Equities broadly have turned in a strong performance in 2017. The TSX has largely moved sideways, while U.S. and global markets have logged double-digit gains. A chaotic political atmosphere and shifting monetary stimulus are likely to stoke volatility, but fundamentals are signaling more room for the bull market to run.
Bloomberg and Morningstar Direct, 12/31/2016. Canadian Large-cap stocks represented by the S&P/TSX Composite. U.S. Large-cap stocks represented by the S&P 500. All returns in local currency and total return.
Rotating leadership – This bull market is more than 3,100 days old, making it the second-longest on record. With a total return of 342% for the S&P 500 and 165% for the TSX since the bull market began, the market’s highest returns are likely behind it. However, we think there’s more life left in this bull cycle. As we progress, we expect market leadership to rotate, across asset classes and among equity sectors.
Earnings in the driver’s seat
– We expect market gains will be driven by increasing corporate profits. TSX earnings face some challenges given the dependence on bank performance and commodity prices; however, a more sector-balanced measure provides a positive outlook. Broadly, profit margins remain above-average and economic growth supports rising revenues. Corporate tax reform in the U.S. would also provide a boost for S&P 500 profits, though we continue to believe comprehensive tax cuts face delays amid the political climate.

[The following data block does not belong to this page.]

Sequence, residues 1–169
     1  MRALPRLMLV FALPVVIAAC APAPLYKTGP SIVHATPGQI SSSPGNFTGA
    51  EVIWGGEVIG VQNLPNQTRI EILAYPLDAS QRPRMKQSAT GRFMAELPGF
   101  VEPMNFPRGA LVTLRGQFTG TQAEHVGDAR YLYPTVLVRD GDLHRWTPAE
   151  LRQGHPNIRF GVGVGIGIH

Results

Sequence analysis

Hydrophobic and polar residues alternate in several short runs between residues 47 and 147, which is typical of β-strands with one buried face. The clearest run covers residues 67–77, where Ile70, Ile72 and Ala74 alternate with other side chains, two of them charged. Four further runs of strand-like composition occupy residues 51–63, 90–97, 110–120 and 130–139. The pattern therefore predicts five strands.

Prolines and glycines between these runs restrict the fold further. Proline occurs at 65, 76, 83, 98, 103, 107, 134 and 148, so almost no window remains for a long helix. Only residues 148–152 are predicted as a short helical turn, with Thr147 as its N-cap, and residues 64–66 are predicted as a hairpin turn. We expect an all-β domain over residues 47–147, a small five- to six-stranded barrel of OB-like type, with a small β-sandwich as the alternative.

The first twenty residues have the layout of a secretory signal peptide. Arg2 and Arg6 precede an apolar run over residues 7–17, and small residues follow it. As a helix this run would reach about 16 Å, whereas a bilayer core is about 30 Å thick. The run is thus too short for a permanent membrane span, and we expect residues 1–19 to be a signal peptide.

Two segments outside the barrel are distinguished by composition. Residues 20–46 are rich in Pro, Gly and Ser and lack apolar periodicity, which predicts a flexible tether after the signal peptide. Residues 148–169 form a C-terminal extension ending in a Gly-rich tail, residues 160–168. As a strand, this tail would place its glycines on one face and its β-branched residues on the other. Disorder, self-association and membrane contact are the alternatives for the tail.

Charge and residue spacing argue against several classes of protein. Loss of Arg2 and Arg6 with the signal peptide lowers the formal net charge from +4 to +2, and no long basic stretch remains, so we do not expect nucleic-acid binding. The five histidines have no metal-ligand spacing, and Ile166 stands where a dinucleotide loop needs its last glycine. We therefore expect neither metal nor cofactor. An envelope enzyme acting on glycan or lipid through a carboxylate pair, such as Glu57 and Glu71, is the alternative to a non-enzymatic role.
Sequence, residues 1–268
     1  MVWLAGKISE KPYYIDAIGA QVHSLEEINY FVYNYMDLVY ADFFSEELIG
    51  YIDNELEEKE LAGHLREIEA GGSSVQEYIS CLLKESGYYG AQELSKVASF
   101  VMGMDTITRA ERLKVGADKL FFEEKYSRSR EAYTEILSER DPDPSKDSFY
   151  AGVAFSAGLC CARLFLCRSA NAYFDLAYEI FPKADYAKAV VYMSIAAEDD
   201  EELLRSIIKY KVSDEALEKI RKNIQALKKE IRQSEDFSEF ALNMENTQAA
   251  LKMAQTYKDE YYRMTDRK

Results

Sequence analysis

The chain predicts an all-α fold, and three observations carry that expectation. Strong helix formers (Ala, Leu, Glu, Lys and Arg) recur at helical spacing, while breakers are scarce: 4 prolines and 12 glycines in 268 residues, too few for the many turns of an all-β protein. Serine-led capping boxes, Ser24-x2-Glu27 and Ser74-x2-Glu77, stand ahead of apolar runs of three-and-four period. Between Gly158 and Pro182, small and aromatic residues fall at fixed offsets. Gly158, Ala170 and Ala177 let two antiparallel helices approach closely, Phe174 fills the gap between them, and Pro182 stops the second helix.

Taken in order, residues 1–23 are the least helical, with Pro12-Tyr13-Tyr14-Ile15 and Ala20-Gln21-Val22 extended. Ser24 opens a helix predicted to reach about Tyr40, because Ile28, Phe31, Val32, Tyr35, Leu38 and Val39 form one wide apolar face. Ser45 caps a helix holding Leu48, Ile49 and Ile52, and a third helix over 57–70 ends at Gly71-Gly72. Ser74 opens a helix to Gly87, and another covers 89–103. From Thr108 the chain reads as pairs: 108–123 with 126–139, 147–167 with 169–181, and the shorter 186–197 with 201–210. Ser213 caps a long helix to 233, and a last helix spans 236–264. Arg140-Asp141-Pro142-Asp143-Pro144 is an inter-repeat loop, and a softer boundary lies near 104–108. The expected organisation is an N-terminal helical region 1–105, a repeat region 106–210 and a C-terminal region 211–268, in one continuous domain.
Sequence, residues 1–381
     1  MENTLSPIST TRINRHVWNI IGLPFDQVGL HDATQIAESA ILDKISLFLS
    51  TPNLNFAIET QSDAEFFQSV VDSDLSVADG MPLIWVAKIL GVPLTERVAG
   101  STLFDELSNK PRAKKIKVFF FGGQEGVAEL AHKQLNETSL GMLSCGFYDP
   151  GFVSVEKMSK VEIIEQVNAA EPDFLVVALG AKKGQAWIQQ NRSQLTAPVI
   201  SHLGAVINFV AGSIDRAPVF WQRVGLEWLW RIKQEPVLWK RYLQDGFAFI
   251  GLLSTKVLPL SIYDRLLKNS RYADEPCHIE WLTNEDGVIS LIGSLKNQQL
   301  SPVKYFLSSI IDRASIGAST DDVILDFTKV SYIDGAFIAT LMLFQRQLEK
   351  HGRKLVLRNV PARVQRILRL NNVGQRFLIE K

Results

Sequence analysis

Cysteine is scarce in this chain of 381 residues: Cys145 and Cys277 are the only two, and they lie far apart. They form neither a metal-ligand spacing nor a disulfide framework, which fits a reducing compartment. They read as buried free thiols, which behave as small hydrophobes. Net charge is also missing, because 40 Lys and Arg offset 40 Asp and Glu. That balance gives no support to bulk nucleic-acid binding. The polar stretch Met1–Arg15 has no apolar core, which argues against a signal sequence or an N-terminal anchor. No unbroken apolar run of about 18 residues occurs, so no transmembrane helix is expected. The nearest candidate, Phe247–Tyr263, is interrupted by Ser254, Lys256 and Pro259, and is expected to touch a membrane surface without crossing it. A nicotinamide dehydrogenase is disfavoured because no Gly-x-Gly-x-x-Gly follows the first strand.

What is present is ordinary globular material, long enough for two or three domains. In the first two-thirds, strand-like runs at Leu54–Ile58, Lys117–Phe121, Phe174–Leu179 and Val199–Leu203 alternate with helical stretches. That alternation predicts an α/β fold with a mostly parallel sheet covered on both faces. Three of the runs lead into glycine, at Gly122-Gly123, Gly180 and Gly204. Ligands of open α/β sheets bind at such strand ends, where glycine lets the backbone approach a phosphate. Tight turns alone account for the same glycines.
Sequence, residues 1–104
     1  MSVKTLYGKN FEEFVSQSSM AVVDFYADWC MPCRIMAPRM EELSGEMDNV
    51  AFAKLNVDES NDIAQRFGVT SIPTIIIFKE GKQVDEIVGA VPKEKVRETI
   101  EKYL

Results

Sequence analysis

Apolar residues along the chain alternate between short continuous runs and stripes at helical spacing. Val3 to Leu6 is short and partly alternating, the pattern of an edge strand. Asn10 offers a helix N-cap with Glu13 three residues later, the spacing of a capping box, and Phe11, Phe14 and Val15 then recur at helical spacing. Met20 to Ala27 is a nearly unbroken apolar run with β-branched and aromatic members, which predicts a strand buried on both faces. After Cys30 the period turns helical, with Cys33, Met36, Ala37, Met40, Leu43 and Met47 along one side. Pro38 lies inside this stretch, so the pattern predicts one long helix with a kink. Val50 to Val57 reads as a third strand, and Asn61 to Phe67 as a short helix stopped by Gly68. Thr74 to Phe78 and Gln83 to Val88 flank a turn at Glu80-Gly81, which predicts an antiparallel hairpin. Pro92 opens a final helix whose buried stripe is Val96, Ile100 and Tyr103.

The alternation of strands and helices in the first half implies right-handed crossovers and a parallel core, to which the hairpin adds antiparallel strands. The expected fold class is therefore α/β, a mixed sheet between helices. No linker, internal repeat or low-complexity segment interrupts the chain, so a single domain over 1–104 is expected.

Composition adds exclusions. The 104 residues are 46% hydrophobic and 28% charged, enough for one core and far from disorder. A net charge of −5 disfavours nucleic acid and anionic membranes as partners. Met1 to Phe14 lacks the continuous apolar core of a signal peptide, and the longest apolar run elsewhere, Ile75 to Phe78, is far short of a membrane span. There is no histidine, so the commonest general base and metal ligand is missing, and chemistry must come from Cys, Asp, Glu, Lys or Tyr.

Be ready for pullbacks
– Stock market volatility has been near record lows lately, but we caution against complacency. The VIX (volatility) index has been below 10 recently, compared to a 20-year average of 20.6. Since 1997, when the VIX fell below 10, volatility rose, on average, by 25% within the following three months.
Action for Investors - Prepare for additional volatility by rebalancing overweight equity allocations and preparing to buy the dips. Correlations among asset classes have fallen recently, a trend that rewards broad diversification. Maintain an underweight position in Canadian equities and consider adding to domestically underrepresented sectors such as technology, health care and consumer staples/discretionary.